“How was your day?” It’s a typical question that you might automatically answer with a tired sigh of “busy”. Your daily commitments grow as you do, from the ones you’re passionate about, like family, to the less fulfilling (and sometimes dreaded), like sorting and paying bills. As the hours in each day become more and more filled, committing time to fitness can seem out of reach. But planning your workout doesn’t have to mean working out what plans to scrap. If you’re low on time, a fast, efficient exercise routine could be just the thing you need.
Amy Gianotti is a dietitian, fitness coach, personal trainer, yoga teacher and the founder of Eating Fit, a website that promotes wellbeing and healthy eating. She’s no stranger to hearing how hard it is to fit in exercise with a busy lifestyle, and knows that being active is something that many people feel guilty about trying to squeeze in. In her mind, though, a shorter workout session is still a workout — or, as Amy puts it, “Remember, something is better than nothing.”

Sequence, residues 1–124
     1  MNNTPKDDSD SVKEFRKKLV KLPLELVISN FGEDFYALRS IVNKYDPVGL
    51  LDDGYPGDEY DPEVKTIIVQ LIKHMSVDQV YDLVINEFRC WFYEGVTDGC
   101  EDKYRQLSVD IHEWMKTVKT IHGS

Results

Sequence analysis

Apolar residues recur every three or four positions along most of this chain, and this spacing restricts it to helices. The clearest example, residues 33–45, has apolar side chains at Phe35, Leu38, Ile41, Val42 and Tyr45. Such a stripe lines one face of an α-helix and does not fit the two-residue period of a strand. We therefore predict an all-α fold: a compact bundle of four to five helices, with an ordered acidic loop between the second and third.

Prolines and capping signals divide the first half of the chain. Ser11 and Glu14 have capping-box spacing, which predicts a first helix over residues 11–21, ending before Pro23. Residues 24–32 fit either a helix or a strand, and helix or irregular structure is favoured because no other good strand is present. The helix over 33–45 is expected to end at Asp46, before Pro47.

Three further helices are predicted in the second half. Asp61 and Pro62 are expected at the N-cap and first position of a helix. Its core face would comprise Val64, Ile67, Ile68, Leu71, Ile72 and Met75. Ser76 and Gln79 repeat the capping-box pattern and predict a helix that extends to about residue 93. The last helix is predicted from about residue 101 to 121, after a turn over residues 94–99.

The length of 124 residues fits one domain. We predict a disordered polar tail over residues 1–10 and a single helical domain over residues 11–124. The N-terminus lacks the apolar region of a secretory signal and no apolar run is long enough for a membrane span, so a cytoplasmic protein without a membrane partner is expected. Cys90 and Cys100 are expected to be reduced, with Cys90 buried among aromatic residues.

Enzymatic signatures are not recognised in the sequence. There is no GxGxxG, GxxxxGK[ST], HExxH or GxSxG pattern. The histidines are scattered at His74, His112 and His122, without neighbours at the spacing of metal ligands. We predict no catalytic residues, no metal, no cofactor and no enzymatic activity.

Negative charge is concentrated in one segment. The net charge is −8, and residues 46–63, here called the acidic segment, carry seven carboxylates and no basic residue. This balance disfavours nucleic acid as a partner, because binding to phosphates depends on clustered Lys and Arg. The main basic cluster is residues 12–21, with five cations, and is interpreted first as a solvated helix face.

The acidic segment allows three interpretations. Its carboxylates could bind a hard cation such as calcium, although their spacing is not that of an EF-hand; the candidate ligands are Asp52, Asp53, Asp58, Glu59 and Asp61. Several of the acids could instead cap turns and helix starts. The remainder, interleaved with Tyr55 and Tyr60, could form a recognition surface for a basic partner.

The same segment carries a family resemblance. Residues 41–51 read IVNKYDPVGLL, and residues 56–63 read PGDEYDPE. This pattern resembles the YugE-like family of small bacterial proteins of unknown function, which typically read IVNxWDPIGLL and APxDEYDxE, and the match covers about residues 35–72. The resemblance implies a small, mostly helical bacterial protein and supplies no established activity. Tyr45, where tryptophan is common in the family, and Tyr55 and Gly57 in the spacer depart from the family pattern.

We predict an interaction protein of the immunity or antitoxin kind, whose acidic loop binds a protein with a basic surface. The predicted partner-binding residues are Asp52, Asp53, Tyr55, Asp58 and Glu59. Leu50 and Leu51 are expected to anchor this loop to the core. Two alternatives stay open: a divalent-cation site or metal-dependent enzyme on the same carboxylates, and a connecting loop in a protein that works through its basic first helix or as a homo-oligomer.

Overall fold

New habits and finding your ‘why’
Amy recommends planning out your workout sessions in advance, including any workout partners you have in mind to keep you motivated. “Start with 20 minutes, 3 times a week and simply go for a walk. Put the word out to a few friends about your intention to be more active, your availabilities and some suggestions [for workouts] you have come up with.” And don’t forget to think about, and even write out, your reasons for taking this time to exercise. “When we are clear on our ‘why’, we have a reason to get up that bit earlier or finish work on time so we can get to our training session. If a reason to exercise describes how it makes you feel, then this is a great motivator as it’s something that is guaranteed with each workout.”
High Intensity Interval Training (HIIT)
If you’re wondering whether a fast workout session can still have the physical benefits you’re after, Amy says that it depends on your goals. If you’re training for a marathon, for example, you might need longer training periods, but for a host of other fitness goals, a lightning fast routine can be a great fit. “If you are wanting to improve your cardiovascular health, general fitness, strength, power, speed, agility, flexibility, stability, increase lean muscle mass, decrease body fat or increase metabolic rate, then 20 minutes offers more than sufficient time!” Amy’s advice is to concentrate on the quality of the exercises in your workout, combining the achievability of the shorter time period with higher intensity routines. In fact, Amy recommends High Intensity Interval Training, or HIIT, as the basis for quicker workouts. She says this type of training involves “compound exercises that engage many muscle groups. For example, choosing squats rather than just calf raises.”